Flood insurance is on the minds of many homeowners as we head deeper into hurricane season. A law that goes into effect next year ends flood insurance subsidies. FEMA, which runs the government’s flood insurance program is deeply in the red. The agency is updating 30-year-old maps to expand areas deemed at risk of flood damage -- and that’s striking fear in communities that could be deluged with higher insurance bills.
Swept away by premiums
It’s open mic night at Thai Rock bar and restaurant in Rockaway Beach Queens. The band is playing “Friend of the Devil.”The restaurant is on a pier. The deck is strung with lights, but the inside is walled off with plasterboard from Superstorm Sandy, seven months later.
“It was horrible,” recalls Robert Kaskal, owner of Thai Rock. “Our home was destroyed. We moved into my restaurant, which has an upper floor, but the whole downstairs of the restaurant was destroyed.”
The bartender shows off pictures on his phone of his bloody head after falling during the storm, and talks about the elderly neighbor who didn’t survive. But there’s more on people’s mind than renovations and close calls right now. It’s less tangible than the storm, and far more anodyne, but it’s much more certain to make land fall: new insurance rates -- very high ones.
“I’ve heard for a typical home, as much as $30,000 a year,” says Kaskal.
That’s the high end, says Thomas Herrington, a professor at Stevens Institute of Technology who has advised FEMA. But it’s completely possible. For every foot below flood level, insurance premiums rise by $7,000 to 10,000.
This is happening because FEMA is revising its flood maps, which indicate flood risk. For New York, the last ones were completed in 1983. As they become updated and refined, they are revealing many more people at risk of flooding during a hurricane. At the same time, a bill passed by Congress in 2012 known as the Biggert Waters Act would remove subsidies for flood insurance. A lot more people will need insurance, and that insurance could be a lot higher.
The map below is a draft that FEMA is sharing in advance of the upcoming release of the Flood Insurance Rate Maps (FIRMs), which will show both coastal and riverine flood hazards.
Kaskal fears his working class community will get swept away -- not by the seas, but by those premiums.
“The insurance is going to become so expensive that the only people who are gonna be able to live in properties like this are the wealthy,” he says. “Look around you, this is a very unique place -- beach front property and working class. We have tradesmen and artists.”
A legacy of Katrina
“We’ve long been undervaluing the true risk” of disasters, says Herrington. “For a long time the National Flood Insurance Program was solvent.” Then came Katrina.
“It devastated entire communities to the point where you had to rebuild completely. The cost was astronomical compared with the premiums paid in. That was the first time the NFIP had to borrow to pay off its homeowners,” Herrington says. It asked Congress for $16 billion.
That’s when FEMA decided it needed new maps. Then in July 2012, Congress passed the Biggert Waters Flood Insurance Reform Act that, among other things, removed subsidies for flood insurance and ended the grandfathering that had allowed older structures to escape design standards.
A few months later, Sandy hit. FEMA had to borrow another $10 billion from taxpayers.
Floating some rescue lines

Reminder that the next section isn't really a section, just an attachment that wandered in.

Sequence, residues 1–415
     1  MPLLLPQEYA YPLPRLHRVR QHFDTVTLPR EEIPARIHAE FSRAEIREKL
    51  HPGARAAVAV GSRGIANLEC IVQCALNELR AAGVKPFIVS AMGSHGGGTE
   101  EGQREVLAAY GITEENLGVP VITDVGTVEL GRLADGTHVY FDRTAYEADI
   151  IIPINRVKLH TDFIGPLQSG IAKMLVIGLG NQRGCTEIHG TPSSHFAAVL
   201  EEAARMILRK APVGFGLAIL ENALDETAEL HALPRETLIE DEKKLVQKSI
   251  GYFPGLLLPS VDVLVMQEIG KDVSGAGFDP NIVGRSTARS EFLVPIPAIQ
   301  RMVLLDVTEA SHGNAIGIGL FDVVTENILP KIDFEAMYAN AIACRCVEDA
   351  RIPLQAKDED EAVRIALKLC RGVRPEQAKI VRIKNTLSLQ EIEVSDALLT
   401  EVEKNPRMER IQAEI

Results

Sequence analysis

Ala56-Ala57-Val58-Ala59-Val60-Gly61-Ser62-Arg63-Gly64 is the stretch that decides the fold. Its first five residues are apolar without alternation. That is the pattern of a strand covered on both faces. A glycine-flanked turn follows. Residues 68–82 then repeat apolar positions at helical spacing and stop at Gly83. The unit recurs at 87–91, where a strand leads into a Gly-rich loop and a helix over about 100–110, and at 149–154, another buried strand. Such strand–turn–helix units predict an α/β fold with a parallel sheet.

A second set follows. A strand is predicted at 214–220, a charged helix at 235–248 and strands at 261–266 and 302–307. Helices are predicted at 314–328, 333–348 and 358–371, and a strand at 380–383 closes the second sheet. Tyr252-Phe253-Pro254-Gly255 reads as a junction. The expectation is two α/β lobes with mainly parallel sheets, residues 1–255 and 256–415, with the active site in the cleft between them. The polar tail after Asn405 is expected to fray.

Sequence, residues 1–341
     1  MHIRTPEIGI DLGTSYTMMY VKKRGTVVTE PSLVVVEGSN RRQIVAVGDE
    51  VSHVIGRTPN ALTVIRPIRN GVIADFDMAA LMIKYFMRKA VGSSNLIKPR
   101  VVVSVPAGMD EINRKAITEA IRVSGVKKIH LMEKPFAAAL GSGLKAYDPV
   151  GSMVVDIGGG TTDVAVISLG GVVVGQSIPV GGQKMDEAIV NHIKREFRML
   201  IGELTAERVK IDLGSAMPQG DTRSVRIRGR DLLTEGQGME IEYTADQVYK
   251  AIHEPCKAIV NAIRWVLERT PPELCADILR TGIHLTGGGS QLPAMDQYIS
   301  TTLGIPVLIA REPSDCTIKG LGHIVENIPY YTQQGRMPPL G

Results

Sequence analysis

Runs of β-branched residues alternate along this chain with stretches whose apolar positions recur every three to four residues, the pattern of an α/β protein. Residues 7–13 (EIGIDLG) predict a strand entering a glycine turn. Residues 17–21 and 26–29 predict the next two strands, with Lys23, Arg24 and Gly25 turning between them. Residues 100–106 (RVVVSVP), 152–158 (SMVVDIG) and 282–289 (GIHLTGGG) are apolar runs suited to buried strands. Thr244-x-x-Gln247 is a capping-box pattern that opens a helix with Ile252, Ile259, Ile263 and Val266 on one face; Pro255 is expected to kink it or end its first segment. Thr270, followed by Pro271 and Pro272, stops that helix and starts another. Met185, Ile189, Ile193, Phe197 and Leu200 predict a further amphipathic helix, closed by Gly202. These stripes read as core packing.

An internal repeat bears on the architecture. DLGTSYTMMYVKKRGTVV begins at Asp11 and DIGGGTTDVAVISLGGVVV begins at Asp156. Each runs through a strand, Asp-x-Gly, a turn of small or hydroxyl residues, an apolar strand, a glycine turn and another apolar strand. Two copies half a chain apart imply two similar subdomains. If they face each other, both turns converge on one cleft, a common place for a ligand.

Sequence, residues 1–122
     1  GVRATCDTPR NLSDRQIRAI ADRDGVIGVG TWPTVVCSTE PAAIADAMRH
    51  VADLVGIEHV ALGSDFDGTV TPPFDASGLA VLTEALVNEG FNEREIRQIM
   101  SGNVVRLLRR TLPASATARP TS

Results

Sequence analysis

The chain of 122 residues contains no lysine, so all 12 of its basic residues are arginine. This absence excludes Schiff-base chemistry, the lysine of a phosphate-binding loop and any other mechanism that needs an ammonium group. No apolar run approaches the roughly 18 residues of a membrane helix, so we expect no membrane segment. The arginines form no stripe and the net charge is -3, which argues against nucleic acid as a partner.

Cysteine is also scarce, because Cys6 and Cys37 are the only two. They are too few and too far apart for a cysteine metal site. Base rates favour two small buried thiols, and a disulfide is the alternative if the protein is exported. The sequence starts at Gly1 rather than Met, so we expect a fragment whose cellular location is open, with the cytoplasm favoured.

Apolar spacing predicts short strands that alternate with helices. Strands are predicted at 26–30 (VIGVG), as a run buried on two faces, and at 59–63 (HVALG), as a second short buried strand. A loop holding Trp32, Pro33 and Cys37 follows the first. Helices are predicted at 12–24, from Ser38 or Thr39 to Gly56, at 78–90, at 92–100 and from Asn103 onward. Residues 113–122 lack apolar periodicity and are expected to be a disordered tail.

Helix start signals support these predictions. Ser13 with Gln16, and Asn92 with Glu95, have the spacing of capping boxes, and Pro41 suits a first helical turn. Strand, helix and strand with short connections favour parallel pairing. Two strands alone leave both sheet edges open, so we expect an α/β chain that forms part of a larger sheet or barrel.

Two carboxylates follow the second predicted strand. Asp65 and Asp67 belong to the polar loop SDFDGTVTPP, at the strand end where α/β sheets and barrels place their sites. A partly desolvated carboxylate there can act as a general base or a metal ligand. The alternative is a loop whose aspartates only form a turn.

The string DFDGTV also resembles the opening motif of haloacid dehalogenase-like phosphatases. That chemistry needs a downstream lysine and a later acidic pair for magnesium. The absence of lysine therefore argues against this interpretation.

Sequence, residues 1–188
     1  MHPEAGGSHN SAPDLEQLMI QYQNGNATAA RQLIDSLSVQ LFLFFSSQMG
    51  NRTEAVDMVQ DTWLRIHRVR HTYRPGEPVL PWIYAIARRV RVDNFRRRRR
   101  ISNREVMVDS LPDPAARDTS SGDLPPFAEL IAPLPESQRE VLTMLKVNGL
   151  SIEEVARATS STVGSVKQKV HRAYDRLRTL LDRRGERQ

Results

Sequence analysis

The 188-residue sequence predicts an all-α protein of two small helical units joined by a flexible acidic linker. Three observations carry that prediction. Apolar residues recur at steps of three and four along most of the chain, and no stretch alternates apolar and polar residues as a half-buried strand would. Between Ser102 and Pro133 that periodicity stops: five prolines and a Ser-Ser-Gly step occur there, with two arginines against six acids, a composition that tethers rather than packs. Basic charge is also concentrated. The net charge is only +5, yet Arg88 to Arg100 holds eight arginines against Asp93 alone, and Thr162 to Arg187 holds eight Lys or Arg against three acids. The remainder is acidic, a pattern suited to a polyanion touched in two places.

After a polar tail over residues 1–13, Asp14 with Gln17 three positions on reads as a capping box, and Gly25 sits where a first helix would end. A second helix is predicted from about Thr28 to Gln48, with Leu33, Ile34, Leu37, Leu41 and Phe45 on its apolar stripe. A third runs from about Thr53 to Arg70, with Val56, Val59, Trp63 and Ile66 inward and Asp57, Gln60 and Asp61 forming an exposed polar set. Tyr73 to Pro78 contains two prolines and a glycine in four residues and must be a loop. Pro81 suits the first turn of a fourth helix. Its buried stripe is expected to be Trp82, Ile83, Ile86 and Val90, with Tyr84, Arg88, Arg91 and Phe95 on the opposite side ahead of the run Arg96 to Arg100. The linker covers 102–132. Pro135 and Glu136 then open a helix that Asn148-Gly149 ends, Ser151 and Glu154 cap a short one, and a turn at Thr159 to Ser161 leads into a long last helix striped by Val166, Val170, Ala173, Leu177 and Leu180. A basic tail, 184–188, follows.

FEMA is well aware that the changes could create hardships. Maryanne Tierney is deputy administrator for region II, which includes New York.
“It’s a tough situation for people now,” she says. “Their homes have been damaged, and in order to ensure in the future there’s not significant similar damage, there are things people are going to have to do to minimize the loss. Some of that’s going to be in increased cost of living in that area and that will be born through having to pay insurance or do things to your home to minimize damage.”
There is a patchwork of federal programs that can help people -- the Small Business Administration has disaster loans, FEMA gives money to states who have undergone disasters for making structures more resistant to future disasters, and there are grants for people who had flood insurance before but who now need to make design improvements for newer, more strenuous policies. But there are many people left out, and communities have to negotiate the best combination of programs.
In most cases, a home subject to higher flood insurance (and, via maps, at strong risk of damage in the event of a major storm) can reduce those rates by being elevated on pylons.
Seth Pinsky, president of the New York City Economic Development Corporation, says that’s not realistic for New York.
“The challenge that we have in a dense urban environment like New York is it’s simply infeasible,” he says, for about 40 percent of structures. “In many other cases it’s highly undesirable -- resulting in destruction of retail corridors or just highly expensive.” He’s pressing FEMA to allow easier ways to reduce premiums. He also wants a high deductible low premium policy available for homeowners.
“If you were flooded and you lost your washing machine, you wouldn’t get much. But if you lost your entire home you’d be protected," Pinsky says.
Politicians elsewhere are pushing to delay the higher premiums across the board. That has Steve Ellis, vice president of Taxpayers for Common Sense, worried that the political process might interfere with a desperately needed reality check for people living in flood prone areas.
“If we’re not pricing [flood insurance] appropriately, it serves as an incentive to develop and locate in high risk areas," he says. Which could leave taxpayers footing FEMA’s bill. “This is a program that is now $24 billion in the hole”
In the end, someone will pay for the next disaster. The question is who.